Kremlin says Russia's security services 'know their job' after Ukraine says Putin tops its kill list
By Andrew Osborn
(Reuters) - The Kremlin said on Thursday that Russia's security services knew what they were doing after a top Ukrainian intelligence official said President Vladimir Putin was number one on Kyiv's kill list.
Vadym Skibitsky, deputy head of Ukraine's military intelligence service, told Germany's Die Welt newspaper in an interview that Kyiv wanted to assassinate Putin "because he coordinates and decides what happens" in the war and that the Russian leader was aware he topped Ukraine's kill list.
"But in the end, everyone will have to answer for their actions," Skibitsky was quoted as saying.
"Putin is noticing that we are getting closer and closer to him, but he is also afraid of being killed by his own people,” Skibitsky told Die Welt.
Skibitsky went on to name other Russians, including mercenary boss Yevgeny Prigozhin, Russian Defence Minister Sergei Shoigu, Chief of the General Staff Valery Gerasimov, and military commander Sergei Surovikin - nicknamed "General Armageddon" by the Russian media, as targets.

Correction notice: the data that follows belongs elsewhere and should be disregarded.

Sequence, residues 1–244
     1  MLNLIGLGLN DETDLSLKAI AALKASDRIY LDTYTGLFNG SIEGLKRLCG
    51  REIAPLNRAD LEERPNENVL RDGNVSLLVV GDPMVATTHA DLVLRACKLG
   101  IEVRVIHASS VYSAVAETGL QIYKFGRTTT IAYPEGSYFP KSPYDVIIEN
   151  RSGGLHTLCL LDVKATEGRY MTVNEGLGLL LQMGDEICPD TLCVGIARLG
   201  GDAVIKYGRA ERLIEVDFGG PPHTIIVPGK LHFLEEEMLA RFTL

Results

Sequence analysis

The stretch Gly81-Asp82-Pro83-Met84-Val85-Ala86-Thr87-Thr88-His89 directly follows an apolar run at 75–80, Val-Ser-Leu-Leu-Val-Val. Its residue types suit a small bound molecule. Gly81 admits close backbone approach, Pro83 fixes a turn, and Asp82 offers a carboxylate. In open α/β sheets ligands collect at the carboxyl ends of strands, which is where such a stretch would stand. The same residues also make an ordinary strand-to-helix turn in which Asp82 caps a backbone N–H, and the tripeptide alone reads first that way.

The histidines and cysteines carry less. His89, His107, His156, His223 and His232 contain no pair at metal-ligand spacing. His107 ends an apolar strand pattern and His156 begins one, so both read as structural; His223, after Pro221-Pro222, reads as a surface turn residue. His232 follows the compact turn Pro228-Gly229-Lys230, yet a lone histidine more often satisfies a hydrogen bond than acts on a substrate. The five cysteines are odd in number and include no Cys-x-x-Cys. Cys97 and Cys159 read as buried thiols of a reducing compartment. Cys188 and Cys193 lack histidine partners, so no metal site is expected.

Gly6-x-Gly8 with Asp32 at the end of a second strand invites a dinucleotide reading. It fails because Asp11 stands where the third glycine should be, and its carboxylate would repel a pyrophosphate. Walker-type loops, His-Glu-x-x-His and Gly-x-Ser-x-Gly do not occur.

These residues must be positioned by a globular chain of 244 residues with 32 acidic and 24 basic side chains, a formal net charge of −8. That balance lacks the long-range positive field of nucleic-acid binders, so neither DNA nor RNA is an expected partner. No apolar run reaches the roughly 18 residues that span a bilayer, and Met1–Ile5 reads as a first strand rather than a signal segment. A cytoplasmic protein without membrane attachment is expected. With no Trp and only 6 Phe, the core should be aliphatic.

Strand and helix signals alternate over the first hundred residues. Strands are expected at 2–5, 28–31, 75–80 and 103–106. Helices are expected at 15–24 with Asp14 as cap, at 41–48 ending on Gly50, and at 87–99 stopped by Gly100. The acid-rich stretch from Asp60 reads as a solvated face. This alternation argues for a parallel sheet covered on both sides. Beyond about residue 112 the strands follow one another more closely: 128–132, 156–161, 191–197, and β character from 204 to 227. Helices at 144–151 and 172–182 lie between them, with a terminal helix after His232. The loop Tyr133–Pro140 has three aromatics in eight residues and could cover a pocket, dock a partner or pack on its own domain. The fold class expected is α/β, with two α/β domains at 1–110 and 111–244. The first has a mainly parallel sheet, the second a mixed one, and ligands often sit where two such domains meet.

He was cited as saying that Putin was a difficult target because he was "holed up" a lot of the time but was now starting to appear in public more often.
When asked if measures to protect Putin were being stepped up after Skibitsky's interview, Kremlin spokesman Dmitry Peskov told state TV on Thursday:
"Believe me, our security services know their job and know what they are doing."
Peskov said Skibitsky's interview was confirmation that Russia had been right to launch what it calls its "special military operation" in Ukraine 15 months ago, a conflict which Ukraine and the West say is an unprovoked war of conquest.
"The terrorist regime is talking about its terrorist aspirations. The special military operation is more than justified, more than necessary and must be completed by achieving its goals," Peskov said.
The Kremlin described a drone attack on the Kremlin earlier this month as a Ukrainian attempt to kill Putin, something Kyiv denied at the time.
The New York Times said earlier on Thursday that U.S. intelligence agencies believed the drone attack was likely orchestrated by Ukrainian spies or military intelligence, however.
(Reporting by Andrew Osborn; Editing by Hugh Lawson)